THE WAY IT WAS: Art and globalisation —Mian Ijaz Ul Hassan
Globalisation is being perceived today as a coercive force. Its most
controversial aspect is the neo-liberal economic onslaught by the powerful,
industrialised nations. It is heartening that perhaps for the first time the
people of North and South have jointly demonstrated all over the globe against
the imposition of harsh and exploitative measures of GATT and WTO
In the post-colonial era the Third World has undergone two distinct phases. In the first phase they were made to feel that they were no longer at the bottom of the pit but on the fringes of the great cultural centres like Paris and New York. Before that — as a light-hearted aside, I recall, David Frost quipped in his talk show on the BBC in the early sixties that racist South Africa had enforced a law by which the white keys in the pianos were separated from the black keys. A white person played the white keys and a black person played the black ones.
In the second phase, the word ‘contemporary’ was brought into circulation. In this phase, an artist aspiring to be ‘contemporary’ had to create global art that had severed itself off its ethnic, national and regional ties. It was terribly homogenous and bland like the food that is served by the airlines on international flights so as to appear slick but not offensive to any taste. Most contemporary art from New York to New Zealand or America to Asia looks the same. For an Asian artist to be admitted to this neutral, trans-national zone, he had yet again to get his/ her visa endorsed by the West.
Let me add in passing that as a reaction to contemporary art some artists and galleries reacted by mounting and promoting art that made virtue of ethnic and regional individuality. While this challenged the international monopoly of cotemporary art, it tilted to the other extreme. Ethnic and regional identities are forged by the past and frozen in time. An artist while being a product of the past must overcome parochial limitations and aspire to have a larger and more composite human vision of him self and the world.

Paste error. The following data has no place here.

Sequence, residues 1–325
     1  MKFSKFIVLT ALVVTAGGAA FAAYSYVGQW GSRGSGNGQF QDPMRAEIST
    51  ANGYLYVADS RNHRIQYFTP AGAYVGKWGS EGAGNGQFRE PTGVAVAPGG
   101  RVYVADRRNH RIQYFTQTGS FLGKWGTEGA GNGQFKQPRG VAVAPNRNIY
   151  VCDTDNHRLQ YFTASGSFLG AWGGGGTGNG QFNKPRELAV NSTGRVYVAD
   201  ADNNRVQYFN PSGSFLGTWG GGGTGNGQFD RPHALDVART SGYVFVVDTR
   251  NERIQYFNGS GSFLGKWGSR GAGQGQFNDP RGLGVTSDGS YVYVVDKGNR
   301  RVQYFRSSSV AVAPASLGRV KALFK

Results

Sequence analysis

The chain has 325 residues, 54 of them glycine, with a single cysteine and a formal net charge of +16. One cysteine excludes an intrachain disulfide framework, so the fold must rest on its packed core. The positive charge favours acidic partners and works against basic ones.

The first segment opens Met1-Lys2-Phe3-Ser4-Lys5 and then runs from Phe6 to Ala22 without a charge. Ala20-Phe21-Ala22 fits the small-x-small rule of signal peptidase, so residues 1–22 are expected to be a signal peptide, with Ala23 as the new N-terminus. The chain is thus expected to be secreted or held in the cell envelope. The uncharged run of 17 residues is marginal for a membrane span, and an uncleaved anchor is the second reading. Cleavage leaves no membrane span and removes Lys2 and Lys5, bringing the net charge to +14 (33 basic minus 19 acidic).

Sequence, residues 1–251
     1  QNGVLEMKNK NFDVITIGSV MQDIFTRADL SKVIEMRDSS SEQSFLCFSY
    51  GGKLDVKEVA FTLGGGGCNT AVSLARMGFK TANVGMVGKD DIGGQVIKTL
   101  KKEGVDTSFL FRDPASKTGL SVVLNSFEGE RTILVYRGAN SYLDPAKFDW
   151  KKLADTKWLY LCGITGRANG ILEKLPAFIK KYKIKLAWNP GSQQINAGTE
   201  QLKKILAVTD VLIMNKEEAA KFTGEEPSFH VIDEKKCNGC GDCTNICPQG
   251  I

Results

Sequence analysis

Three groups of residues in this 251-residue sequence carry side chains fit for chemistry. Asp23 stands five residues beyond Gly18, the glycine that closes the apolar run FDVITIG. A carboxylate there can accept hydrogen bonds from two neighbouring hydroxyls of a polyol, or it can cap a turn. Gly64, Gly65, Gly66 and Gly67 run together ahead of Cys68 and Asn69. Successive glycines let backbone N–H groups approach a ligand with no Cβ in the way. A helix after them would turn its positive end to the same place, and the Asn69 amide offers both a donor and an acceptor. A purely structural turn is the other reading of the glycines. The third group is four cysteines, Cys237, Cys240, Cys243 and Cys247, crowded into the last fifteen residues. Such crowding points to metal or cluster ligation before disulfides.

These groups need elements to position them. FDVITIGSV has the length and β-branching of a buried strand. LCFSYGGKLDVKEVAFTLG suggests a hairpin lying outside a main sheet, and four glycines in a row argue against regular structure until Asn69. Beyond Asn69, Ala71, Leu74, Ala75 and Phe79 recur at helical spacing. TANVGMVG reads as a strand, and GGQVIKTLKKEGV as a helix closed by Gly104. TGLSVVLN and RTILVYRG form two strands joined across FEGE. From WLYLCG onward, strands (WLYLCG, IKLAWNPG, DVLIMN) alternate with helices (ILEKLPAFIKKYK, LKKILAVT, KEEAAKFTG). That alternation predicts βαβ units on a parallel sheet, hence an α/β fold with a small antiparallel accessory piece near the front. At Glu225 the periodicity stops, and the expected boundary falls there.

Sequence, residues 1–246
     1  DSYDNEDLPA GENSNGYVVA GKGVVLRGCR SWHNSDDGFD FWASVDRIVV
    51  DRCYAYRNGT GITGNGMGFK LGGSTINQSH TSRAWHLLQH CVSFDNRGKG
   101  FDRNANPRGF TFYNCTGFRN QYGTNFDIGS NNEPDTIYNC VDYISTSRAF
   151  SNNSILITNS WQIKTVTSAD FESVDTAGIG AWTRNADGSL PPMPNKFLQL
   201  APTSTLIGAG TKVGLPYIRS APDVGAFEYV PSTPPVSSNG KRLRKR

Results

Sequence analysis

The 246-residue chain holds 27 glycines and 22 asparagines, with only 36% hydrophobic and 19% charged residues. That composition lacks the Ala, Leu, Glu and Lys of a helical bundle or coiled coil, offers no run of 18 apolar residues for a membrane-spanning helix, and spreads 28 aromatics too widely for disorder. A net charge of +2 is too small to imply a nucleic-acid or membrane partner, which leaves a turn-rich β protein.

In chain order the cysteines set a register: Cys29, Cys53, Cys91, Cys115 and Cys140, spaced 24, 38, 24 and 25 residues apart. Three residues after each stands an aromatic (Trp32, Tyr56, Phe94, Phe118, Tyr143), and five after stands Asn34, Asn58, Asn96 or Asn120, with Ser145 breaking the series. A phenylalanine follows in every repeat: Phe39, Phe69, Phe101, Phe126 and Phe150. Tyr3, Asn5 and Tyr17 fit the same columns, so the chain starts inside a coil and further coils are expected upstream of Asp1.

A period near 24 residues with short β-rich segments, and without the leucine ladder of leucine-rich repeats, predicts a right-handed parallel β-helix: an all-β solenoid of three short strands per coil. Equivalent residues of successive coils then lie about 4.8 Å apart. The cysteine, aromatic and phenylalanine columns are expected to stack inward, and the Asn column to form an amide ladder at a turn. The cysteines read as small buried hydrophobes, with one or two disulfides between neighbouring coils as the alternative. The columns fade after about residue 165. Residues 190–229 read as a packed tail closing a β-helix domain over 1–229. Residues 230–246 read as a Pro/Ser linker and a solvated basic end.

The Post-Modern period presents an alternative narrative and practice. Although it mocks the great European tradition of painting, in a way it liberated painting from highbrow pretentiousness of Modern Art. I remember when a stranger asked the Chinese Prime Minister Chou En Lai what he thought of the hippies, he responded by saying that there were many ways of expressing revolt against the establishment and that the hippie movement was one of the forms. In the sphere of the sartorial arts it was revolt of the Carnegie Street against the Seville Row. I remember as a student in 1962 quite unwittingly buying a rough cotton blue shirt worn by the slave farm labour in the southern American states, as a result of which my English friends at Cambridge regarded me, considerably avant-garde. But let’s not forget that Post Modernism is a product of the inner crisis of Modernism or — in plain words — Capitalism, like the hippy movement was in the sixties. In these circumstances elephant dung displayed at the Tate Gallery in recent years is not going to hurt any one, although the question remains, as I pointed out on another occasion, which is the artist the elephant that defecated or the person who transported the shit at the Tate?